Museum as Sanctuary: Giving Voice to Tucson’s Refugees – Exhibition opens July 3

April 25 / 2013

The Tucson Museum of Art’s (TMA) groundbreaking Museum as Sanctuary: Giving Voice to Tucson’s Refugees exhibition opens on July 3, 2013. The exhibition will run through September 15, 2013 and is a compilation of contemporary artwork created by The Hopi Foundation’s Owl & Panther Project participants, and one collaborative piece created with the members from the Hopi and Tohono O’odham communities.

Click here for photos.

Museum as Sanctuary is curated by TMA employees Morgan Wells, Curator of Education, and Marianna Pegno, Community Programs Coordinator, and is based on their education program by the same name. Now in its third year, the Museum as Sanctuary (MAS) is a collaboration between TMA and The Hopi Foundation’s Owl & Panther Project (OP). OP works with refugee families in the Tucson area who have been impacted by torture, trauma, or traumatic dislocation. Through this program, participants have become more expressive as they become more comfortable in gallery spaces.

“The dark canvas is my favorite. Because, it’s like my life. After the war my life has many things dark, bad, difficult,” Nada, a refugee from Iraq said. “While at the Museum I have learned to speak English a little better, and I like that there is sharing among everyone.”

“For me, the most important thing about this exhibition is providing an opportunity for these voices to be heard,” said Pegno. “It gives these families a space where they can speak for themselves.”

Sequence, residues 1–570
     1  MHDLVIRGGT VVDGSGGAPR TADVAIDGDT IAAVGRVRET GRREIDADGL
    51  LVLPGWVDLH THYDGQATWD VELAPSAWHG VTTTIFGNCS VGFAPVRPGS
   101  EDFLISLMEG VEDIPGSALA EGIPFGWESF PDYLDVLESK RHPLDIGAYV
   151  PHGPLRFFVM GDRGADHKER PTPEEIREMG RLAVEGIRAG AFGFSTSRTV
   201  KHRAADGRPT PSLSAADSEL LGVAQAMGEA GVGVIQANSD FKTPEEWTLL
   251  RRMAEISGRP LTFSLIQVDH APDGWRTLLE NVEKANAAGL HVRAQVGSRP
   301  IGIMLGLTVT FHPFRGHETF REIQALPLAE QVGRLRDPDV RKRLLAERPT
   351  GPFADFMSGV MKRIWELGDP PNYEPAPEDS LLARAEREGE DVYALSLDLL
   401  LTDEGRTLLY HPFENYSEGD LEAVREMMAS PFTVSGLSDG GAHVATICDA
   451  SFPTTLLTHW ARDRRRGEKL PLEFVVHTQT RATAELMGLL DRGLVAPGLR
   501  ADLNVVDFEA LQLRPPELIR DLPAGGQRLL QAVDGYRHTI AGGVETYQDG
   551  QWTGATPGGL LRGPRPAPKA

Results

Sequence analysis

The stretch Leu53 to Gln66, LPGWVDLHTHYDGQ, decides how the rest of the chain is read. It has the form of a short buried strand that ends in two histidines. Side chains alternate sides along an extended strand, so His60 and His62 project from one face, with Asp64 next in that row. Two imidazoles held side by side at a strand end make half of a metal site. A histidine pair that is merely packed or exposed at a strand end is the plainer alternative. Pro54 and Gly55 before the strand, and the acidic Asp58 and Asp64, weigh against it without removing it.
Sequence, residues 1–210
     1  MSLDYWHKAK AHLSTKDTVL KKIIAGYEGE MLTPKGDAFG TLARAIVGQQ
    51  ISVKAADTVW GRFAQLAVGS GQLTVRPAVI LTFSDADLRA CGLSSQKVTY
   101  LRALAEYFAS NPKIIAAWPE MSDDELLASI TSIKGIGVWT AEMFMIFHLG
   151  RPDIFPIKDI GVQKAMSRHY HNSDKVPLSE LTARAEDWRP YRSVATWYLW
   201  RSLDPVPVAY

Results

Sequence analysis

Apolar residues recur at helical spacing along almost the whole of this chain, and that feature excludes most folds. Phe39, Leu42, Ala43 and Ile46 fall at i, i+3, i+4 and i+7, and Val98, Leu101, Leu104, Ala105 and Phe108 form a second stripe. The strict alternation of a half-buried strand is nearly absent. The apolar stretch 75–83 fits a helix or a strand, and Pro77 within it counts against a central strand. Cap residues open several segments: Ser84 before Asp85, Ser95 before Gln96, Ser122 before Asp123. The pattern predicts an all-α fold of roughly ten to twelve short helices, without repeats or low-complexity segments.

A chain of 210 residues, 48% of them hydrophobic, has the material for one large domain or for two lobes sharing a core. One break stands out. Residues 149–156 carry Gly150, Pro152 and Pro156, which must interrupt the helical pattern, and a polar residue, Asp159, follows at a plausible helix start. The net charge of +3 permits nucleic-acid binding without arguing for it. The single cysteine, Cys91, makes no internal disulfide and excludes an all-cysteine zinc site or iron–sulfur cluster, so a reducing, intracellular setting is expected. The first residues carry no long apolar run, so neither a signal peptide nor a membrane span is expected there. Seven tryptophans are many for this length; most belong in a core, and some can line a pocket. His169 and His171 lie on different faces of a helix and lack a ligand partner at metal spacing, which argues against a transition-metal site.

Increased confidence in the galleries carries beyond the TMA’s walls, resulting in more comprehensive and nuanced discussion that would not have happened otherwise. Participants of the program come from countries all around the world such as Iraq, Bhutan, Nepal, Somalia, Ethiopia, Congo, and Iraq. Through modes of collaboration and co-creation, MAS has worked to create meaningful and personalized museum experiences for historically underserved populations.


  • In 2001, a total of 34,616 refugees had been resettled in Arizona (an average of 1,650 refugees/year from 1980-2001).
  • In 2011, there were a total of 60,490 refugees, an increase of 25,874 or 42.8% (an average of 2,600 refugees/year from 2001-2011).
  • From 2001 to 2011 there was a 42% increase in refugees being resettled in Arizona compared with the two previous decades (1981 – 2001).

“Our hope is that this project will promote individual and communal healing through the arts and foster greater connections for the refugees to their new home in southern Arizona.” said Wells. “We want to bring greater social awareness and cultural sensitivity to our community.”

Museum as Sanctuary will feature self-portraits, photographs, sculpture, drawings, landscapes, collaborative story-telling paintings and illustrations, and place and nature inspired tiles.




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